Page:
Apple Feedback

by Michelle Lasley

Michelle Lasley is a mother, wife in Pacific Northwest learning to balance green dreams with budget realities.

December 1, 2018

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Categories: The Balancing Act

I have an iPhone 6. I bought it when it launched 4 years ago. I upgraded from a 4s, which I had purchaed about a few months after the launch. I don’t mind buying tech new, with the hope that it will have the longest life with me. 

You see, we are the type of household who enjoys owning their cars outright. We are also the type of household with mechanical ability (namely my husband’s). So, when something breaks, with some research, the right tools, and the right parts, we can repair what was broken. Sometimes mistakes are made (ask me about the time I got to have the fire department come to the gas station twice, two weeks in a row), and we have to do a repair more than we wanted. But, we can fix things. We can make them last. We can make them exceed their average product lifecycle. 

This is hugely important as a tenant of sustainability where you use a thing UP until it has no life left. Then you recycle it. So, within one product we are doing all the using. Occassionly we pass things on so it can be resused with someone else. But, generally, we use it up, repair it, use it up again, until it cannot be repaired. And, then we repurpose or recycle it. That is a key component of addressing the environemntal impact aspect of sustainblity

So many modern companies refuse to build this into their product cycles, and my favorite tech company is one. So, with that iPhone 6, it’s a slippery devil. Case or no case, it flies out of my hands. One Fat Tuesday, it fell out of my hand and landed in the donut shop’s parking lot. That evening, my WiFi didn’t work. I had to replace the battery. And, after the umpteenth time of my poor phone falling and landing on asphalt and concrete, the screen cracked. Well, I probably had unseated the WiFi antenna gain, and the used battery needed to be replaced, so the mechanically inclined husband and I waited until all the parts arrived before repairing all three things. (The antenna is the worst, by the way.) Once all three things were repaired my coveted touch sensor didn’t work, even with replacing the home button. That means my larger phone (though not the largest) can’t use the handy “reachability” function. No more touch ID. AND the home button no longer wakes up my phone. What the heck Apple? Driving proprietary repairs? Your techs would never do as thorough a job as my husband, we have the comparisons to vouch for that, so I don’t trust them with your coveted equipment. 

Okay, rambling irritation aside, I did send a four-part feedback message to Apple. I hope they read it. In the meantime, I am turning this diary ramble into a call to action – we need to rise up and DEMAND passage of “Right to Repair Laws” that would make this proprietary lockdown illegal.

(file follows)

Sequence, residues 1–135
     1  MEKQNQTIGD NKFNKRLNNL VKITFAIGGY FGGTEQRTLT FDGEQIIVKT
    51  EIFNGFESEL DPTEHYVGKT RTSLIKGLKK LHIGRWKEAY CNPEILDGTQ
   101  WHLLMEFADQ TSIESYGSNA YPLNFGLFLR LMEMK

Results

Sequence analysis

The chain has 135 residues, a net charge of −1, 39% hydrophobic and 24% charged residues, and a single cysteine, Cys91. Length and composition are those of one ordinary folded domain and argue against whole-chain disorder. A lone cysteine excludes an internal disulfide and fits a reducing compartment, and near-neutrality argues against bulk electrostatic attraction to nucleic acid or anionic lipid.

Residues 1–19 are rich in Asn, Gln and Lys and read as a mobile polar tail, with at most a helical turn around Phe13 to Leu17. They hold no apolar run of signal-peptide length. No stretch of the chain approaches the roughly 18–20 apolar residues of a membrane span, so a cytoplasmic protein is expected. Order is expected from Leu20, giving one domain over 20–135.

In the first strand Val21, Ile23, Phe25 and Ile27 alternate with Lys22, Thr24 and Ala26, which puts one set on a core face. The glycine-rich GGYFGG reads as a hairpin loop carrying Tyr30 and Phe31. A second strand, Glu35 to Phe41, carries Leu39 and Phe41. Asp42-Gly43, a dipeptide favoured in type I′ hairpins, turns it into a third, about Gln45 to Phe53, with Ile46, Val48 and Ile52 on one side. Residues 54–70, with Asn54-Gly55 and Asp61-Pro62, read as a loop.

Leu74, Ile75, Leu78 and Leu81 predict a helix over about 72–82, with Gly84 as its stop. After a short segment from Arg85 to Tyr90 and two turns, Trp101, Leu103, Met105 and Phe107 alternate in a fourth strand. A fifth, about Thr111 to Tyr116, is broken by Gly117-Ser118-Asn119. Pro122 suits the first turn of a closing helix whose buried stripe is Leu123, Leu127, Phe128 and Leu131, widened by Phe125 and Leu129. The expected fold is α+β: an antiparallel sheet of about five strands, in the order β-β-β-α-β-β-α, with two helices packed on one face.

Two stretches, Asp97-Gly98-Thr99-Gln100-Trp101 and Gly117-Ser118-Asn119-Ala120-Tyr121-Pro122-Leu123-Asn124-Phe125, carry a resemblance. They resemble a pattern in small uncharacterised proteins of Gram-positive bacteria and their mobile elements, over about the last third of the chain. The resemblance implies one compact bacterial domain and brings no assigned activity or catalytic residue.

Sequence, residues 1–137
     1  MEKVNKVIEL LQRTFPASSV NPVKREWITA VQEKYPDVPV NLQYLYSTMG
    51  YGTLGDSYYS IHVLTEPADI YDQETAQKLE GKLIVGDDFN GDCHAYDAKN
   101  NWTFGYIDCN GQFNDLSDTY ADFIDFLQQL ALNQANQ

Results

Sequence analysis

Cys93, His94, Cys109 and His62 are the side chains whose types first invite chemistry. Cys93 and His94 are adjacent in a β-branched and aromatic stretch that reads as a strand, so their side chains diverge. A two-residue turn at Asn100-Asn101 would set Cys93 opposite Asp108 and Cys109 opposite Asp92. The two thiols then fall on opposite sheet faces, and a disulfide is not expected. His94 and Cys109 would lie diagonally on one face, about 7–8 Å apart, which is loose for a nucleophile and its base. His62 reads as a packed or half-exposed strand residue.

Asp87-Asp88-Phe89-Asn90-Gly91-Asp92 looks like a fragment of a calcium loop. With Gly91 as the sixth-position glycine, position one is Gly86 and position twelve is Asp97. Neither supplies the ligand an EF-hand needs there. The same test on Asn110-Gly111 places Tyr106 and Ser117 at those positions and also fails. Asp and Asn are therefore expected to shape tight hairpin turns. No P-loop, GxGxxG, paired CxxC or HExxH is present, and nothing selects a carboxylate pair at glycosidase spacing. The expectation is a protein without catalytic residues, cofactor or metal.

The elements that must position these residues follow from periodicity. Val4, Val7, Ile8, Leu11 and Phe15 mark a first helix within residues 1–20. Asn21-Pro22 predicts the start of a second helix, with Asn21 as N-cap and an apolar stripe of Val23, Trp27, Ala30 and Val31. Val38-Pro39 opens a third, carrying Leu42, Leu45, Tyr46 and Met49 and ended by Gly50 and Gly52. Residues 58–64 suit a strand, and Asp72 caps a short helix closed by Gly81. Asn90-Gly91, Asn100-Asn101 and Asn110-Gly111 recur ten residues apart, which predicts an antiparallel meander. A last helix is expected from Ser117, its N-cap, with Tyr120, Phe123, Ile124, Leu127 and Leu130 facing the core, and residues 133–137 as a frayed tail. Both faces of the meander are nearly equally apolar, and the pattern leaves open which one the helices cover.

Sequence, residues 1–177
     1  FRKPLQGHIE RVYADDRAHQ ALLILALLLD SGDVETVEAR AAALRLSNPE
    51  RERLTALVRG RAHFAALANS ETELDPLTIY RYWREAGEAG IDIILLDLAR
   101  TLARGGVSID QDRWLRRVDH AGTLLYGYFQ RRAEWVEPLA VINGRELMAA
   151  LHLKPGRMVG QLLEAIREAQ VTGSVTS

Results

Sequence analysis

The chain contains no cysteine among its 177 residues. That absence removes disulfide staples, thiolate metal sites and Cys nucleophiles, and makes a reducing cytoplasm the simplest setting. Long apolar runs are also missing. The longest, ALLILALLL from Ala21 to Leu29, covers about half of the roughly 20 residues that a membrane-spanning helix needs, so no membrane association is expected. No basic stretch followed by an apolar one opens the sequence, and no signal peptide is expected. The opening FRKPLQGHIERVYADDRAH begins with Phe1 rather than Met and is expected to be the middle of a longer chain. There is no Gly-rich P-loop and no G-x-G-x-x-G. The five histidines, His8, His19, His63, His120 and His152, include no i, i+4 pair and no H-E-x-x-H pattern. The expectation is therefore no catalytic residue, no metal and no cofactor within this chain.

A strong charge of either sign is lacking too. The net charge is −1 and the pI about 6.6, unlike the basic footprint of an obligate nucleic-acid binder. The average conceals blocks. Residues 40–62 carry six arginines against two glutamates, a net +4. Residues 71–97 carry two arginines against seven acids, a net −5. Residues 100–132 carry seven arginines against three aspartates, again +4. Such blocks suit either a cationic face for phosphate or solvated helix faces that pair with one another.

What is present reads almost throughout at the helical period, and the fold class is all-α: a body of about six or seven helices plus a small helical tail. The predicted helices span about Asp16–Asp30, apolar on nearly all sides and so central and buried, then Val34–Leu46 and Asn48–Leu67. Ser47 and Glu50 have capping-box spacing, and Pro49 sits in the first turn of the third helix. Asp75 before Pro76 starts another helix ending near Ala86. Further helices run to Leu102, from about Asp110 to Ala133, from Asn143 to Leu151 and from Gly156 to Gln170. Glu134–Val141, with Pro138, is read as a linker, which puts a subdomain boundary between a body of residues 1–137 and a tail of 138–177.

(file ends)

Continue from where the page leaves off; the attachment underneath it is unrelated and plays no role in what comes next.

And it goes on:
Four Part Apple Feedback 

Give Apple Feedback on your own device(s). Just visit www.apple.com/feedback and follow the prompts on the short form. Here’s the most recent feedback I gave.

screen replacement no more Touch ID 1 of 4

My phone fell, for the umpteenth time, and the screen broke. My phone has been out of warranty for almost two years. The hardware is more or less fine, I have no general speed concerns, I have enough memory, and I have a husband who is mechanically inclined. As such I have no desire to replace my phone. We found a replacement screen, third party, and replaced it. The Touch ID no longer works. I am concerned this is a software compatibility issue such as that which happened with iOS 11.3 and iOS 9. 

screen replacement no more Touch ID 2 of 4

At the September Apple Event, a portion of the event was dedicated to discussing Apple’s measures towards sustainability, including ensuring as much of a product can be reused or recycled can be reused or recycled. Sustainability is SO much more than recycling. It is ensuring you are running in the black, financially.  It is full-product care – ensuring the entire lifecycle of a product is sustainable from cradle to grave, or cradle to cradle. And, it is ensuring you are taking care of your people to the best of your ability (aka, don’t contract with firms that routinely have suicide nets because that’s their version of taking care of people). 

screen replacement no more Touch ID 3 of 4

Apple has built their reputation on thinking differently. I challenge you to think differently than the average capitalist. I challenge you to think differently than your predecessors without sacrificing EXCELLENCE, INNOVATION, and PRODUCT CARE. Making it so my husband cannot fix a piece of hardware that is more or less fine flies in the face of all of this. It is not excellent. It does not care for the product. And it steals from any potential innovation. 

screen replacement no more Touch ID 4 of 4

Apple, YOU CAN AND SHOULD do better. How often, I wonder, has Jobs rolled over in his grave over how shit has been handled? Lead. Truly lead. 

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